One of those all too rare experiences when an entirely lovely recording (Absence & Forgiveness – Infrequency Editions) drops in from out of the blue, or Canada in this case. Though not much info is provided, both appear to be utilizing electronics of some sort and the three pieces are live improvisations. They share an extreme delicacy and quiet, combining faint sine-like tones with various other small sounds, buzzes, clicks, etc., all spread out, gently pricking the space, weaving this way and that. By description, it doesn’t sound all that different from any number of efforts in recent years, but something about this one stands apart–the sensibilities involved are unique and, I get the feeling, simply more intelligent than many, making subtle choices that you don’t come across often. You think you have things pegged then, on the second track, they don’t so much as veer off as take an adjacent path that was there all along but untrod, introducing brief, low flutters and tiny snatches of spoken word, coloring the field in an unexpected but, retrospectively, absolutely appropriate manner.

The final track seems to bring in all these elements, but again, very low key, very subtly. Something about it just gels even more than the first two, feels even more a natural extension of one’s room space. Really good, better than I’m able to delineate here.

Brian Olewnick | JUST OUTSIDE

No matter how much in touch with the world of improvised music I think I might be, no matter how many CDs fall through my letter box there are still odd occasions when Brian writes about something I hadn’t heard of, my interest is piqued and I go and buy the CD in question. The most recent example of this was a new disc by the duo of Jamie Drouin and Lance Austin Olsen, two Canadian musicians who, according to the very nicely designed website for their very nicely designed label Infrequency Editions have been releasing CDs for ten years now without me noticing them. Shows what I know….

The disc I ordered then is a recent duo disc named Absence and Forgiveness. Its a CDr wrapped in a very lovely, though somewhat bereft of information card sleeve released in an edition of 100. The image on the sleeve is of a monochrome reproduction of what looks like a simple, unadorned yet detailed wash of colour. This image seems apt for the music on the disc, which masks a wealth of detail and careful construction behind a mask of simplicity and restraint.

It isn’t clear what either of the musicians work with to make their music, but it is vaguely speaking electro-acoustic in texture, perhaps guitar pick-ups or contact mics are in use, perhaps instruments (tabletop guitar? I sense I hear strings here and there) are used, perhaps not, but it doesn’t matter much. There is a radio to be heard often throughout the three pieces, contributing little jabs of spoken word in the first pieces, and longer streams in the final, slightly more dense third and final track. The music here sounds like it was improvised without any post production, though I may of course be completely wrong. It is generally speaking very sparse, quiet and full of either white space, or quite often grey expanses of varying density and texture. Scattered about though are little fragments of sound of varying types, some radio bursts, some sudden hits of white noise, shards of harsh feedback etc, but these are infrequent and placed with great care so as to continually challenge and shape the music into different directions, keep it from slipping into any kind of ambient flatlining.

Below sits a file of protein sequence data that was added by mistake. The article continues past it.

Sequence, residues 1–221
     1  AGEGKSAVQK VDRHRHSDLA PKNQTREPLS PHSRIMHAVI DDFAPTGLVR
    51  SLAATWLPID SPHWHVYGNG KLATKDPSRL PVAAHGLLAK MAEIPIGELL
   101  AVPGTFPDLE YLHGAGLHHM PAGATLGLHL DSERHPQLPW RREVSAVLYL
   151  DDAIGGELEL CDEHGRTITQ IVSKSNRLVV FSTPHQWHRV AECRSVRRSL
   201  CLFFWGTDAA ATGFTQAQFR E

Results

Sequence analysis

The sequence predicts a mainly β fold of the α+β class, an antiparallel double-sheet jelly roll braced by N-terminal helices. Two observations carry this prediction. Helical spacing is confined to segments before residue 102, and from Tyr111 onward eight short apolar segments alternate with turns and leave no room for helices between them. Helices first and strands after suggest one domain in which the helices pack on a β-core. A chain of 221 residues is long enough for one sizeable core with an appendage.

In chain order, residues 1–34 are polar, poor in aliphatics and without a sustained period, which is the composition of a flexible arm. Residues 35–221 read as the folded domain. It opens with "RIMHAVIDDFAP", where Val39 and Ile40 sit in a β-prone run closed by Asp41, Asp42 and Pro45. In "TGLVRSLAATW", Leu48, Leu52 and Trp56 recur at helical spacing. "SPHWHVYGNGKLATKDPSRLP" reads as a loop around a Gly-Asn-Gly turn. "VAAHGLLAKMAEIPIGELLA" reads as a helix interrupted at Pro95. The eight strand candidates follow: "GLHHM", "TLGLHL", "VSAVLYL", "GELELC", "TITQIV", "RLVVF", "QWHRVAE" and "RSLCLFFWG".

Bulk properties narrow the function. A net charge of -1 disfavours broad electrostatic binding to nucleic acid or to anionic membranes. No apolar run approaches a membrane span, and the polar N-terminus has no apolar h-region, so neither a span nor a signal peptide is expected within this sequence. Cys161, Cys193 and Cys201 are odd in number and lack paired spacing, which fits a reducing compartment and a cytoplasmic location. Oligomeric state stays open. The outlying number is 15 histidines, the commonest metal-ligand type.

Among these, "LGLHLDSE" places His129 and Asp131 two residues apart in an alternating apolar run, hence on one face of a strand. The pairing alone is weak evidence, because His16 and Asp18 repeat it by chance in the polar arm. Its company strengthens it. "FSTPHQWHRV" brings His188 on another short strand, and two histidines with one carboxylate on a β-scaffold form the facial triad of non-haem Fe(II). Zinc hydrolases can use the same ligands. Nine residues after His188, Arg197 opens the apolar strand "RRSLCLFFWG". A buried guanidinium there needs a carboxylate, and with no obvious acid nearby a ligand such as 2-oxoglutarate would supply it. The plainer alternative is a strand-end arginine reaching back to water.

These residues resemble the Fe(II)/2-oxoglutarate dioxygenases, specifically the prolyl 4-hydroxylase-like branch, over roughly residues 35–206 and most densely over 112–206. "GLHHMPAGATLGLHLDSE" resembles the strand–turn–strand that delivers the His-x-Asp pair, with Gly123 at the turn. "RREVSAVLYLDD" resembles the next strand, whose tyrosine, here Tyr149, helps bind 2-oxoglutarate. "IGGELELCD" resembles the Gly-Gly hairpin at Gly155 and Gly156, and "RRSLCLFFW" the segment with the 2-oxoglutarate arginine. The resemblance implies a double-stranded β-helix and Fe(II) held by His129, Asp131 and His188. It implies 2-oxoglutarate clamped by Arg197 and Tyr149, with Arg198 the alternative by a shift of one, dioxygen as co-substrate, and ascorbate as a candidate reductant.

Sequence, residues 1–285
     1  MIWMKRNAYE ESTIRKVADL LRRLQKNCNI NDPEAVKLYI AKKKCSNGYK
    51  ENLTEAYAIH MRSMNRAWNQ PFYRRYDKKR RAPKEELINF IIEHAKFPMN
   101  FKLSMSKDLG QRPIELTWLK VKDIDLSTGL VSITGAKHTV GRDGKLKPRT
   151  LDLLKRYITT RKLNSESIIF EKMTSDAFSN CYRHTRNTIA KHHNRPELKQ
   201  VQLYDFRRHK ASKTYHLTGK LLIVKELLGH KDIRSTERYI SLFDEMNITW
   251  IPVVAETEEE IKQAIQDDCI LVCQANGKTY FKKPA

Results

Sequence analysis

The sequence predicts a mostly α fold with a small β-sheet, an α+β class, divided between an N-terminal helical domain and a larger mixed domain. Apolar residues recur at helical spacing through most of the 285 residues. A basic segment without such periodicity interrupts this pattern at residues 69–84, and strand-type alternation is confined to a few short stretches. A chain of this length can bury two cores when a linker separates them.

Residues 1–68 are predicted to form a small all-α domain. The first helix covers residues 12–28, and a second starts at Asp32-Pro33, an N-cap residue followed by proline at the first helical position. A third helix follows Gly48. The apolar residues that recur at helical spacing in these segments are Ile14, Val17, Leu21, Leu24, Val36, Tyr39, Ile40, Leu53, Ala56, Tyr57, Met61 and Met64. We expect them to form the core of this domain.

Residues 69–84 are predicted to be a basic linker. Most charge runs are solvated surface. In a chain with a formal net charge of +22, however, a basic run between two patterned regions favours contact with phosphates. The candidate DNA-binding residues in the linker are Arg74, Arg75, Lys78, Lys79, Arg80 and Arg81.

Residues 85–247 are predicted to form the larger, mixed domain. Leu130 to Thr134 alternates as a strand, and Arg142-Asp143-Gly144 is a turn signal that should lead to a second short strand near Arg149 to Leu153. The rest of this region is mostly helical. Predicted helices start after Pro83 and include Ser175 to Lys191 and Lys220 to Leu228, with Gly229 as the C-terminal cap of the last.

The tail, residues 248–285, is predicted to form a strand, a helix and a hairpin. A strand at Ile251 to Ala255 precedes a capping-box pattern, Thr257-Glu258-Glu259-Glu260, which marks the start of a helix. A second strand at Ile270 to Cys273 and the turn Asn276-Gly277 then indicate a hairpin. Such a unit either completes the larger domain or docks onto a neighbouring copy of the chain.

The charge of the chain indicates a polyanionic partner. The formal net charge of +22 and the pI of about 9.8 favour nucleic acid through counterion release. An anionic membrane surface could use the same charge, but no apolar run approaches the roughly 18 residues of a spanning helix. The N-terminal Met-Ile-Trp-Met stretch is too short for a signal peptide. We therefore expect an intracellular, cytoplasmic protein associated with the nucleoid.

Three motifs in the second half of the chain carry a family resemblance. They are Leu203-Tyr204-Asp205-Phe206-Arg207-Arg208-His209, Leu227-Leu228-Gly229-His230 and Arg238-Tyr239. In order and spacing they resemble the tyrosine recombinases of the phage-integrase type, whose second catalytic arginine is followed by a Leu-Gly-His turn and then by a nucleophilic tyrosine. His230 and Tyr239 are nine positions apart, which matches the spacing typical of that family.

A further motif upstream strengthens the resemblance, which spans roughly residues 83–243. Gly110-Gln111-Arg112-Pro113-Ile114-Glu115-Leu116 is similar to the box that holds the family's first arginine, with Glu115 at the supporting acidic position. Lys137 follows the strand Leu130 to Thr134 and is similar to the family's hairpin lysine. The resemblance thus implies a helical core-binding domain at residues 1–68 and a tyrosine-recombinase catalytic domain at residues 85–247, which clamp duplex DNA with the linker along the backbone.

One interesting element here is that, if I had been given this disc blind, I would probably have guessed at this being a solo recording. I say this because the music feels very much like a single, purposeful construction, perhaps in the vein of something like Daniel Jones’ recent When on and off collide. While the music here is full of tension formed from the mix of jagged edged fragments, silence and grey fields of texture, it doesn’t feel like a struggle between two musicians, and it doesn’t sound like there is the usual push and pull of improvised interplay taking place. It seems Drouin and Olsen have been playing together for a long time, and it really shows here as the pair seem to work together to one, quiet, subtly measured goal- their sounds are thoroughly complimentary and their musical ‘voices’ are indistinguishable.

As Brian wrote in his review of the disc, there is actually little here that we haven’t heard quite often before, but while the array of sounds used, and the quietly contemplative atmosphere attained are familiar from a number of other releases in this area, there is something somehow quite mature and refined about this duo’s music. Its as if while their palette is familiar how they apply the colours has a subtle, yet confident voice. A really strong forty-two minutes then and a nice discovery. Looking forward to hearing more.

Richard Pinnell | THE WATCHFUL EAR